Small Connecticut towns bracing for state aid cuts
ROCKY HILL, Conn. — Leaders of small Connecticut communities are nervously awaiting Democratic Gov. Dannel P. Malloy's impending budget proposal, which is expected to include major changes in state aid that could hurt their bottom lines.
Betsy Gara, executive director of the Connecticut Council of Small Towns, said Wednesday her members have seen years of flat or reduced state funding for education and local government while the cost of delivering services has increased. She said they're now "very worried" about what that aid will look like, considering Connecticut faces an estimated $1.5 billion budget deficit in the new fiscal year.
The typical general fund budget is roughly $18 billion.
"It's really going to be very challenging for towns to be able to craft local budgets in a way that enables them to continue to deliver critical services and hold the line on property taxes," she said. Malloy's recent call to redistribute state aid for local education is causing anxiety among small town leaders, she said.
The Council of Small Towns now plans to have a stepped-up presence at the state Capitol during this year's legislative session. The organization has launched a "small town coalition," which will include meetings between local leaders and state lawmakers throughout the state.
During his State of the State address last week, Malloy suggested changing the state's complicated education funding formula and instead distribute aid based on a community's local property tax burden, student need and student enrollment — a move that likely would benefit the cities. Malloy said less-affluent communities would be held to "substantially higher standards and greater accountability."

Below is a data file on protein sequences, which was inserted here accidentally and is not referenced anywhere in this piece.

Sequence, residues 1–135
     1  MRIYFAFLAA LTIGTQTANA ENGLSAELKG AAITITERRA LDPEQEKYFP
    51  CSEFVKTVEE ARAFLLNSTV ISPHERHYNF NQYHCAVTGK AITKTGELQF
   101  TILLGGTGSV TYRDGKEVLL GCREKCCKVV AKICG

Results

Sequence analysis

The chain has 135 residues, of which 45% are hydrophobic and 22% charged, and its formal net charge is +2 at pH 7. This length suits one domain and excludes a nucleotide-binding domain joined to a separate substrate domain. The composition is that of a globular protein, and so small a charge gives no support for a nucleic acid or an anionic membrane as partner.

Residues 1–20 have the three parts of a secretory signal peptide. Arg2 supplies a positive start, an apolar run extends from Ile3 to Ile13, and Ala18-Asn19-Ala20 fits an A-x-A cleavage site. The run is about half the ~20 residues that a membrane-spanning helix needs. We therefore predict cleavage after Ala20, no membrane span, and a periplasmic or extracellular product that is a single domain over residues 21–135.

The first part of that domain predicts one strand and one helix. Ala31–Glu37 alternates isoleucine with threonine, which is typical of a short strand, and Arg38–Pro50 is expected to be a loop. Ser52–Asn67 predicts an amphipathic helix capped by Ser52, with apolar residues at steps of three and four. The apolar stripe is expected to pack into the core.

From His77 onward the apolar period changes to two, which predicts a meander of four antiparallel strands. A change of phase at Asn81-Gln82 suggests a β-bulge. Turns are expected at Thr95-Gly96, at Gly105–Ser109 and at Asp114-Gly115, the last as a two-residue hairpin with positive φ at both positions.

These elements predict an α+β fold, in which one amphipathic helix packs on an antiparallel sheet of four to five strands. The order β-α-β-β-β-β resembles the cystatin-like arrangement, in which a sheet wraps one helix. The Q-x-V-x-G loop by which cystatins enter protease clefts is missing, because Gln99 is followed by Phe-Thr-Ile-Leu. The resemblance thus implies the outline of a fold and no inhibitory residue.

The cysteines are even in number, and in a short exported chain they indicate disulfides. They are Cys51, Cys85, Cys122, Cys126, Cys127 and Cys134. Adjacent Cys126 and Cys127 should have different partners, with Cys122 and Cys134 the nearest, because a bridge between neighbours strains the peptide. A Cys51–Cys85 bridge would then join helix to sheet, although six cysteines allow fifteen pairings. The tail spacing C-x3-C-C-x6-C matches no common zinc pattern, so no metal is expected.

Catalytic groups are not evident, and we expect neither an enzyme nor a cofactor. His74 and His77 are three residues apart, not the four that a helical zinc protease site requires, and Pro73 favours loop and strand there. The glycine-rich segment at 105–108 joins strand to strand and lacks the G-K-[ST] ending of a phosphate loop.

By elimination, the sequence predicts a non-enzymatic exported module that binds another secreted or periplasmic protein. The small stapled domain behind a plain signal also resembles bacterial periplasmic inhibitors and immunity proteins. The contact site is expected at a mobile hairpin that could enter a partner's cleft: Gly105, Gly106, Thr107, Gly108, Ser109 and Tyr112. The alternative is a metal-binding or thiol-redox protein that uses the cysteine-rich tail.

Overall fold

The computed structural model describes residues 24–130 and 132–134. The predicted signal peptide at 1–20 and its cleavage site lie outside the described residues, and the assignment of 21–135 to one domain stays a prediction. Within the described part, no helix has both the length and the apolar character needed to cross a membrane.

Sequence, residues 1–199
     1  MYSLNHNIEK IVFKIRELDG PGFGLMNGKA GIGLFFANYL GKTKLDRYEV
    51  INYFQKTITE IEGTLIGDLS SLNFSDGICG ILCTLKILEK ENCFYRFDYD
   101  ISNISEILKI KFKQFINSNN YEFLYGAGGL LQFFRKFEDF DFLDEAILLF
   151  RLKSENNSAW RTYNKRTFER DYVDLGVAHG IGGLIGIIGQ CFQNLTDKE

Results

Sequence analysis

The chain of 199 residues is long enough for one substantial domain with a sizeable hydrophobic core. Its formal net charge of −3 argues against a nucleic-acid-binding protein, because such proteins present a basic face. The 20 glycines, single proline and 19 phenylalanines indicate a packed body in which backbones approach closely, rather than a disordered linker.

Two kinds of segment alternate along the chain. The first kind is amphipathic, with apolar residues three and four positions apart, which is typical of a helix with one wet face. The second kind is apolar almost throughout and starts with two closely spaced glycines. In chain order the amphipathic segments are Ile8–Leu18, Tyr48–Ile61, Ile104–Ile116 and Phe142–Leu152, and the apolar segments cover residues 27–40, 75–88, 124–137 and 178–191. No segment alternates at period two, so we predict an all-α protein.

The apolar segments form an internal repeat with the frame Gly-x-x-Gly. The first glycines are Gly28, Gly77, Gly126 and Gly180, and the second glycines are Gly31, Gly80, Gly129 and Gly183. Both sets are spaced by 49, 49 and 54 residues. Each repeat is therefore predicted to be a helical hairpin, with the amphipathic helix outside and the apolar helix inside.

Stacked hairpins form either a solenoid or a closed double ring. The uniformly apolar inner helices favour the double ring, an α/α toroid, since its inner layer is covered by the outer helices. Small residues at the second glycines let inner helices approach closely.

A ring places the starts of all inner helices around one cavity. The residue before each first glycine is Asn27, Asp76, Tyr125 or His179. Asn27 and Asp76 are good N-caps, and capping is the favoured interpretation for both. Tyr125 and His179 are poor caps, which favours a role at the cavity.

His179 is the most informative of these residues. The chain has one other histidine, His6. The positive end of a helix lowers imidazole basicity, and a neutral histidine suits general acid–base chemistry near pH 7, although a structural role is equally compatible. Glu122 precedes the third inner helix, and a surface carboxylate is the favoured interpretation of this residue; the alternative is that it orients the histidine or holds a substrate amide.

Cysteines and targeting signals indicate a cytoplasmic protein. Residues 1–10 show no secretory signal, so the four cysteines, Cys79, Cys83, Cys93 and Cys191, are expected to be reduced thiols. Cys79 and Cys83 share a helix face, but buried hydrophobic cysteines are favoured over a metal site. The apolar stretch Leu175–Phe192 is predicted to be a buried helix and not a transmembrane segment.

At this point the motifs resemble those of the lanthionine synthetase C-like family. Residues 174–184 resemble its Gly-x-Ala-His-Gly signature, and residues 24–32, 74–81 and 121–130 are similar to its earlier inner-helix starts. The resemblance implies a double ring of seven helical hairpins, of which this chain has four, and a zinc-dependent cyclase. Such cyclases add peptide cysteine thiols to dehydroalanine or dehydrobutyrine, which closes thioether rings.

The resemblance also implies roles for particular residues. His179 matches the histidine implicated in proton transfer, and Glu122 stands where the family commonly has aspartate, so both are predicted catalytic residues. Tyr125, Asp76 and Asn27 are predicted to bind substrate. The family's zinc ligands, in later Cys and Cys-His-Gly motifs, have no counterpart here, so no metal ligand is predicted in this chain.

Appearing Wednesday at the council's Connecticut Town Meeting 2017, Malloy reminded local leaders of the challenge he faces this year in continuing to provide state aid to local communities at the same level, jokingly offering to give them "a portion of my $1.5 billion issue." Malloy noted how the state now spends $5.1 billion each year on municipal aid, which includes $4.1 billion in education funding. He said Connecticut should re-examine the role the state plays in helping municipalities, without offering specifics.
"We have to make reductions in expenditures. We will make reductions in expenditures. Exactly how that plays itself out is being worked on, on a daily basis," the governor said. "There are a lot of hard choices we have to make."
Malloy, a former mayor of Stamford, hinted there may be some proposals in his budget to reduce state mandates on cities and towns that local leaders will appreciate. Local leaders often complain that the state requires them to provide certain services or perform certain tasks without providing funding.
"I'm looking for ways to bring some forms of relief to communities," Malloy said.
The governor is tentatively scheduled to unveil his budget Feb. 8.
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